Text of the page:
Walley, Joan
Waltho, Lynda
Watson, Mr. Tom
Watts, Mr. Dave
Whitehead, Dr. Alan
Wicks, Malcolm
Williams, rh Mr. Alan
Williams, Mrs. Betty
Wilson, Phil
Winnick, Mr. David
Winterton, rh Ms Rosie
Wood, Mike
Wright, Mr. Anthony
Wright, David
Wright, Mr. Iain
Wyatt, Derek
Tellers for the Ayes:

Ms Diana R. Johnson and
Liz Blackman

Afriyie, Adam
Ainsworth, Mr. Peter
Amess, Mr. David
Arbuthnot, rh Mr. James
Atkinson, Mr. Peter
Bacon, Mr. Richard
Baker, Norman
Baldry, Tony
Baron, Mr. John
Beith, rh Mr. Alan
Bellingham, Mr. Henry
Beresford, Sir Paul
Binley, Mr. Brian
Bone, Mr. Peter
Boswell, Mr. Tim
Brazier, Mr. Julian
Brokenshire, James
Brooke, Annette
Browne, Mr. Jeremy
Browning, Angela
Burns, Mr. Simon
Burrowes, Mr. David
Burt, Alistair
Burt, Lorely
Butterfill, Sir John
Campbell, rh Sir Menzies
Carmichael, Mr. Alistair
Carswell, Mr. Douglas
Cash, Mr. William
Chope, Mr. Christopher
Clappison, Mr. James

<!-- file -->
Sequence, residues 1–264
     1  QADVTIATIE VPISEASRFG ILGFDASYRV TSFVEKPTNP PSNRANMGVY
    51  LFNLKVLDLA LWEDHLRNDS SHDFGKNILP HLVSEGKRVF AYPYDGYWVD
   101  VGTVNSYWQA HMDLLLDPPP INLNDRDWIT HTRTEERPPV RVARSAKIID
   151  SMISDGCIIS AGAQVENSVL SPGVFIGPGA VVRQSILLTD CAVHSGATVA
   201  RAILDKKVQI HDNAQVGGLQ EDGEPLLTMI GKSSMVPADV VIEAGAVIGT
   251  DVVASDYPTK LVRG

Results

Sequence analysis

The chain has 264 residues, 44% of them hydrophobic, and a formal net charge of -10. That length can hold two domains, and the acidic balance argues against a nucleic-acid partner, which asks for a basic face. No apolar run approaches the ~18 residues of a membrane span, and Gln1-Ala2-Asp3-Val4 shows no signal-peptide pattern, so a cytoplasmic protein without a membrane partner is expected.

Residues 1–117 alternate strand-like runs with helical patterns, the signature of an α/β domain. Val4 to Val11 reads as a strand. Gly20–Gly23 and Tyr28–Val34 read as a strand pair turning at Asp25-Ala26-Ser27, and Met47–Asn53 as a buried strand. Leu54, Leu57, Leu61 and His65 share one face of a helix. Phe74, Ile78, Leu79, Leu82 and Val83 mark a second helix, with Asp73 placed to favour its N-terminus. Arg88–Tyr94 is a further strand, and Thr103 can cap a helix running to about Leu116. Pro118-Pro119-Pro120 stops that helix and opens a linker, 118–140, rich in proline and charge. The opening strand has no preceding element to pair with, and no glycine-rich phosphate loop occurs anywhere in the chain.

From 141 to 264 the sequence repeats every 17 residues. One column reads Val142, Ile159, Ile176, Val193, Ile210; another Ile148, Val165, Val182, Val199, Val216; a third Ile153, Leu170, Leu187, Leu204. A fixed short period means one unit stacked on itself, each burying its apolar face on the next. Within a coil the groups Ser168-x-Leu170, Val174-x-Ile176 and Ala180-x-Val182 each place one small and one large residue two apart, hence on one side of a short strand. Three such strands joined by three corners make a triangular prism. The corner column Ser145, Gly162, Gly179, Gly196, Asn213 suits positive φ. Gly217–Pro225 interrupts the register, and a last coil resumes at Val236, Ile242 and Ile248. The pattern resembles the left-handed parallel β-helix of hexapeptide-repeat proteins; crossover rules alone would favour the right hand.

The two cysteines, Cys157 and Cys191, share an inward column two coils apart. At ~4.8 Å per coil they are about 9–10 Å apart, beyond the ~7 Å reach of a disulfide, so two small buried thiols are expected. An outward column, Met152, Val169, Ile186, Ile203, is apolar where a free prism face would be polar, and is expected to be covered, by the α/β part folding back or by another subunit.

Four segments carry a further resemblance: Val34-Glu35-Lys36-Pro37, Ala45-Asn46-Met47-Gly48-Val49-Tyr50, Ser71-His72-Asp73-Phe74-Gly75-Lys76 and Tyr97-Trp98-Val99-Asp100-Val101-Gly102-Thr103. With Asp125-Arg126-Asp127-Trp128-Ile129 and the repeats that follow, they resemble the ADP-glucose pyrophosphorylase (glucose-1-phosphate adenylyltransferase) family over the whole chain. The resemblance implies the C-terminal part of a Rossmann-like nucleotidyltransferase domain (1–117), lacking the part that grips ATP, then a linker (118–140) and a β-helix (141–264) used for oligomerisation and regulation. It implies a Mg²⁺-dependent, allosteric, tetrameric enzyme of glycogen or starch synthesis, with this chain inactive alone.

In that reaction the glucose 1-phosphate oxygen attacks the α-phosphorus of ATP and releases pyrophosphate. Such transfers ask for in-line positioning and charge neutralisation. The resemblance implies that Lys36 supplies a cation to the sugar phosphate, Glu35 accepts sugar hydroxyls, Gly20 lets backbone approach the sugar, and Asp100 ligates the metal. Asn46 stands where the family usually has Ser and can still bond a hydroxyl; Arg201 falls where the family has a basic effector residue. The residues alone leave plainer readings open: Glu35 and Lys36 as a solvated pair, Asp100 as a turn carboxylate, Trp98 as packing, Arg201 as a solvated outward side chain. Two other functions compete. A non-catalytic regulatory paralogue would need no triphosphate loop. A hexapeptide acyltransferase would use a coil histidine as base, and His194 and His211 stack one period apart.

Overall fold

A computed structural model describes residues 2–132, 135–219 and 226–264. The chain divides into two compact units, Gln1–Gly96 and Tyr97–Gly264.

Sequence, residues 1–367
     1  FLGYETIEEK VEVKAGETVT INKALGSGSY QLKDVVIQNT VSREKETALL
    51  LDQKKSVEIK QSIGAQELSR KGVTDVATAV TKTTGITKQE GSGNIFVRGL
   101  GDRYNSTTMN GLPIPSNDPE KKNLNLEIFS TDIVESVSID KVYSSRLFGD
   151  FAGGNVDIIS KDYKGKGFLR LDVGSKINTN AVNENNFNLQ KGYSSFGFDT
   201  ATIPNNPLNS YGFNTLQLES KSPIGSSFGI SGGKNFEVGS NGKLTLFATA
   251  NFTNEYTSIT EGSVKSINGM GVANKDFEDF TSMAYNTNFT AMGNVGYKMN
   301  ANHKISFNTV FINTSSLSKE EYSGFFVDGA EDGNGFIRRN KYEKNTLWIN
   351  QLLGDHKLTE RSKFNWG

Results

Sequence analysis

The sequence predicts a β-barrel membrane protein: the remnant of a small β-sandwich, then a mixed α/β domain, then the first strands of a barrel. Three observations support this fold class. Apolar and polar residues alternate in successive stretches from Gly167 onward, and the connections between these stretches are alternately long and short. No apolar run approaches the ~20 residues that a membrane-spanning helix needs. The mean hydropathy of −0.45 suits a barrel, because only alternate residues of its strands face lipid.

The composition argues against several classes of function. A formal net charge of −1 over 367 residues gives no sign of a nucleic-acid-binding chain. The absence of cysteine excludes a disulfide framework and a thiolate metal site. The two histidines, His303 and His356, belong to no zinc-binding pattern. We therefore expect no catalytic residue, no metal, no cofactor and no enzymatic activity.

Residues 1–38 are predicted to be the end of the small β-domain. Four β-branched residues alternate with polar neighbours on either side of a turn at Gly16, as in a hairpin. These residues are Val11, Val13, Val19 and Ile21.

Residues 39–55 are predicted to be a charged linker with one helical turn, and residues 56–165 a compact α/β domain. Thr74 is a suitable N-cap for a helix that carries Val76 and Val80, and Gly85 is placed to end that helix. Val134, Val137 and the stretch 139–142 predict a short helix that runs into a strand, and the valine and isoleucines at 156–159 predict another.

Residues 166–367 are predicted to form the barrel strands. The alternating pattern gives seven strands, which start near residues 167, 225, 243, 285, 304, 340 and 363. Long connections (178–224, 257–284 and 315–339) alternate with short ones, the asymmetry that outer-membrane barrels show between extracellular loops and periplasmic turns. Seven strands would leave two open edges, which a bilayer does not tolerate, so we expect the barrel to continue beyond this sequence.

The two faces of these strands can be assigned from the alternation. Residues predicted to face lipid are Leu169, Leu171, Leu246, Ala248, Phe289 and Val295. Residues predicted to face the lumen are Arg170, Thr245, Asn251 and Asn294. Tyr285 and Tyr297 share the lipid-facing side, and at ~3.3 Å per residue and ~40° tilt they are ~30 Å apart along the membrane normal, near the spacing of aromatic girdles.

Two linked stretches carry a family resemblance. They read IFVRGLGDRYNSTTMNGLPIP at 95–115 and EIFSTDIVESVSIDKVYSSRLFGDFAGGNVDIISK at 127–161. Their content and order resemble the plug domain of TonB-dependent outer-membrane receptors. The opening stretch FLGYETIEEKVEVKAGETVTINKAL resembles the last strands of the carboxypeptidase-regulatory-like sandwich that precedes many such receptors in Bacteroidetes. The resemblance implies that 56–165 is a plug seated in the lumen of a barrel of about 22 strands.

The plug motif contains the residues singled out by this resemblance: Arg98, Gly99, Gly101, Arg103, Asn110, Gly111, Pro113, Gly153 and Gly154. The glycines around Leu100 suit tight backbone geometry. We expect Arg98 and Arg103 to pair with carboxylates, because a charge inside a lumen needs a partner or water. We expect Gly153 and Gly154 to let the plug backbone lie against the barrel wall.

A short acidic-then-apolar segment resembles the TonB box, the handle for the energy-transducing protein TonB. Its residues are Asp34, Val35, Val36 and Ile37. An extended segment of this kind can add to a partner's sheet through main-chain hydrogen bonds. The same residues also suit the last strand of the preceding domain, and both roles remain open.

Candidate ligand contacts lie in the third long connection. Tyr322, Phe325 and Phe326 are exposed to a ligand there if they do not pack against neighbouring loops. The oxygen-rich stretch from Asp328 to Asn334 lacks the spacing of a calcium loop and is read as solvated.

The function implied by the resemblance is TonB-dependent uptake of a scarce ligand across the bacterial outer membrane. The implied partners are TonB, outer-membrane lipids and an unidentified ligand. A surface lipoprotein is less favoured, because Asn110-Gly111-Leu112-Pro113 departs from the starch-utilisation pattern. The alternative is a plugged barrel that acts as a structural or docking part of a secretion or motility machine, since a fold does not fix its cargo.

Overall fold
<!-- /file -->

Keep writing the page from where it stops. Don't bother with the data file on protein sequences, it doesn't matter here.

Clark, Greg
Clarke, rh Mr. Kenneth
Clifton-Brown, Mr. Geoffrey
Cormack, Sir Patrick
Curry, rh Mr. David
Davey, Mr. Edward
Davies, David T.C. (Monmouth)
Davies, Philip
Djanogly, Mr. Jonathan
Duddridge, James
Duncan Smith, rh Mr. Iain
Dunne, Mr. Philip
Ellwood, Mr. Tobias
Evans, Mr. Nigel
Fabricant, Michael
Field, Mr. Mark

Fox, Dr. Liam
Francois, Mr. Mark
Fraser, Mr. Christopher
Gale, Mr. Roger
Garnier, Mr. Edward
Gauke, Mr. David
Gibb, Mr. Nick
Gidley, Sandra
Gillan, Mrs. Cheryl
Goldsworthy, Julia
Goodman, Mr. Paul
Gray, Mr. James
Green, Damian
Greening, Justine
Greenway, Mr. John
Grieve, Mr. Dominic
Hammond, Mr. Philip
Hammond, Stephen
Hands, Mr. Greg
Harper, Mr. Mark
Hayes, Mr. John
Heald, Mr. Oliver
Hendry, Charles
Herbert, Nick
Hoban, Mr. Mark
Hollobone, Mr. Philip
Holloway, Mr. Adam
Holmes, Paul
Horam, Mr. John
Howard, rh Mr. Michael
Howarth, Mr. Gerald
Hughes, Simon
Huhne, Chris
Hunt, Mr. Jeremy
Kawczynski, Daniel
Key, Robert
Kirkbride, Miss Julie
Knight, rh Mr. Greg
Laing, Mrs. Eleanor
Lait, Mrs. Jacqui
Lancaster, Mr. Mark
Lansley, Mr. Andrew
Laws, Mr. David
Leigh, Mr. Edward
Letwin, rh Mr. Oliver
Lewis, Dr. Julian
Liddell-Grainger, Mr. Ian
Lidington, Mr. David
Lilley, rh Mr. Peter
Llwyd, Mr. Elfyn
Loughton, Tim